Richa Gupta’s anthology The Jamun Tree and Other Stories analyses a cross-section of society. The stories in this collection contain diverse characters such as an almost-human Jamun tree, an enticing woman on a mission, a family receiving news about their inheritance, a journalist looking for a scoop. An Excerpt:
The Jamun tree, three years younger to Manas, had been reared to maturity with him and had witnessed many events in the family. In its younger years, it had alternatively been used as the wicket stump or the boundary line for four runs when Manas had played cricket with his cousins and friends. A young Manas would don his cap and imitate Sachin Tendulkar’s famous on-drive or dive into the bushes in imitation of Jonty Rhodes, an outstanding fielder in international cricket.
Almost a family member, the tree’s existence had been intertwined with that of the family. At the age of nine, it had started producing ovoid edible berries that had a blended flavour that was sweet, sour and astringent. When the berries matured at the onset of the monsoon season and their colour changed from green to purple or bluish-black, Jayanti would have them harvested. Manas loved to tug at the jute rope, which a servant would loop over the branches of the Jamun tree, causing the ripened fruits to fall.
Jayanti would then use the harvested berries to make black Jamun apple juice, a filling and nutritious drink, or a rich sauce to be poured over walnut cake. Soon, to prevent the abundant fruits from spoiling, she began to distribute bags of berries to her relatives and friends, who awaited this gift each year. She never forgot to send some Jamun apple juice to the Principal of Manas’ school, who loved its unusual flavour.
The evergreen tree provided shade throughout the long Indian summer for the family to sit on cane chairs in the well-manicured garden. As it became sturdy and rugged, its lower branches had been strung with a hammock that Manas often swung in while playing video games, his favourite pastime. When the weather was pleasant, he loved to climb its branches, rest on a nook and listen to music.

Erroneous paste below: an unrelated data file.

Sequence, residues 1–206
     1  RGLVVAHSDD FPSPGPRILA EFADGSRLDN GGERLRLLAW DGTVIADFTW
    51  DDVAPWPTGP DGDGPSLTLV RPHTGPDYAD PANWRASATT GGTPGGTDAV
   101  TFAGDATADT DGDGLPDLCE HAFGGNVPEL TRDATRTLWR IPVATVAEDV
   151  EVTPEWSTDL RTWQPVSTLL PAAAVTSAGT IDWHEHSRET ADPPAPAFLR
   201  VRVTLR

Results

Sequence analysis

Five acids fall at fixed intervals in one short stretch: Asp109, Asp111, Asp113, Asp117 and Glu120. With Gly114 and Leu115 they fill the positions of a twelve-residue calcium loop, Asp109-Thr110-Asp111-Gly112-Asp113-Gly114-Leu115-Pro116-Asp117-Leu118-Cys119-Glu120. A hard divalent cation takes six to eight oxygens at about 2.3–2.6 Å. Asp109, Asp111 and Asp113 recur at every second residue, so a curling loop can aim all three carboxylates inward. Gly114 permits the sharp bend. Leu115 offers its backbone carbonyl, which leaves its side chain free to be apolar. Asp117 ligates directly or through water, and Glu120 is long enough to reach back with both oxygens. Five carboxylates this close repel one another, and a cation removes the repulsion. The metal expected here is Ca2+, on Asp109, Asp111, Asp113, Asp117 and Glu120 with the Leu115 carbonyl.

Those had been happy days for the family and the Jamun tree; but like the change of seasons and the cycle of life, they had come to an end. The Jamun tree had watched in dismay as a teenage Manas had fallen into wrong company, lolled with vagrant friends under the Jamun tree and secretively smoked rolled cannabis cigarettes. As he had got accustomed to this escape from the world into a haze of euphoria, his dependency on the drug and his notorious friends who sourced it for him had increased.
Jagan Lal and Jayanti had soon discovered that their son was addicted to cannabis and admitted him into a rehabilitation centre. Jayanti had prayed daily to idols placed at the foot of the Jamun tree for the recovery and good health of her son while Jagan Lal had cursed Fate for having such an irresponsible son. Manas had been a reformed and healthy person for six months after his return until one day, he had again lit a joint under the spread of the tree on the urging of a friend.
How the Jamun tree had regretted the event, but all it could do was mourn in silence at Manas’ youthful imprudence and its consequent tribulations for his family. Jayanti too had grieved in silence at her son’s addiction, unable to confide in anyone, and least of all her husband, due to the ignominy or accusations it would lead to.
Extracted from Richa Gupta’s Anthology The Jamun Tree and Other Stories with the permission of the author and the publisher Bridging Borders.